Thiensville ammo investigation, police lieutenant charged, resigns

A Thiensville police lieutenant accused of using his position to buy cheaper ammo was charged with misconduct. Prosecutors say extra ammunition was eventually resold to customers, boosting one store’s profits.

Thiensville police are able to buy ammunition tax-free. That was part of Lt. Chad Wucherer’s job at the department, but it’s the additional orders he’s accused of putting in that got him into trouble.

In 2016, FOX6 spoke with Lt. Wucherer about a man accused of stealing thousands of items.

"Antique collector firearms to Civil War swords," said Wucherer.

Seven years later, Wucherer is accused himself.

As the man in charge of buying ammunition for the Thiensville Police Department, prosecutors allege Wucherer went beyond that, adding in orders for his friend, a sales rep at Streicher’s Police Equipment and for fellow officers’ personal use, all using the Thiensville Police Department’s account to get a tax-free ammo discount without authorization from the village or the police chief.

The investigation into Wucherer began in September 2022.

Court documents say a lieutenant from another agency found that Wucherer placed an order in January 2021 during a shortage when ammo was hard to get and expensive. When the deliveries came in, the criminal complaint says the chief observed that there seemed to be significantly more ammunition than what the department normally got and that an administrative assistant grew suspicious, watching Wucherer holding and giving out ammunition from his office at the police department.

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Prosecutors allege Wucherer made orders for Streicher’s that were tax-free, allowing them to sell the ammunition to customers and make more money.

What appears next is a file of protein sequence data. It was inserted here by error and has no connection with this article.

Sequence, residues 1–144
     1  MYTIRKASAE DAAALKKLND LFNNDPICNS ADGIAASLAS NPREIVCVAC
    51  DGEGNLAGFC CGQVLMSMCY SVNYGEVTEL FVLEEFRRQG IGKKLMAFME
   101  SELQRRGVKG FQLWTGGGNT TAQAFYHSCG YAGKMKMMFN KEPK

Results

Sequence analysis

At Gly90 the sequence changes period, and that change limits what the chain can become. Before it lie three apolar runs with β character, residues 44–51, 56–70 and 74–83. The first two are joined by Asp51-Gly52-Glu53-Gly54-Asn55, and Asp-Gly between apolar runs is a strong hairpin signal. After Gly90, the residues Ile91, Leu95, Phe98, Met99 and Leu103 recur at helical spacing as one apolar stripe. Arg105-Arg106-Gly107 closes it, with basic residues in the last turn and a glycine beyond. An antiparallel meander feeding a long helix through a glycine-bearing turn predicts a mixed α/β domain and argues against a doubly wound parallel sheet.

"Additional ammunition consisting of at least 105 cases was made through the Village of Thiensville’s account," the criminal complaint against Wucherer says. "This was all done utilizing the Thiensville Police Department’s tax-exempt form signed by Chief (Curt) Kleppin without his consent. Streicher’s subsequently sold this ammunition to other customers at a higher profit margin as Streicher’s had purchased it at the State department rate."

If convicted of both counts of misconduct, Wucherer faces up to seven years in prison. 

Wucherer's attorney told FOX6 Tuesday he had no comment for the story at the time.

Thiensville Police Department statement:

"The Village of Thiensville is aware of the criminal charges filed against one of its sworn police officers. The Village became aware of the alleged activities by this officer in or around September of 2022 and immediately placed the officer on administrative leave pending an independent internal investigation by an outside police agency. Not wanting to interfere with the criminal investigation, the Village held in abeyance any action regarding the officer’s employment, until the criminal investigation was complete."

FOX6 News also reached out to Streicher’s Police Equipment for comment and haven’t heard back.

Chad Wucherer has voluntarily resigned and is no longer with the department.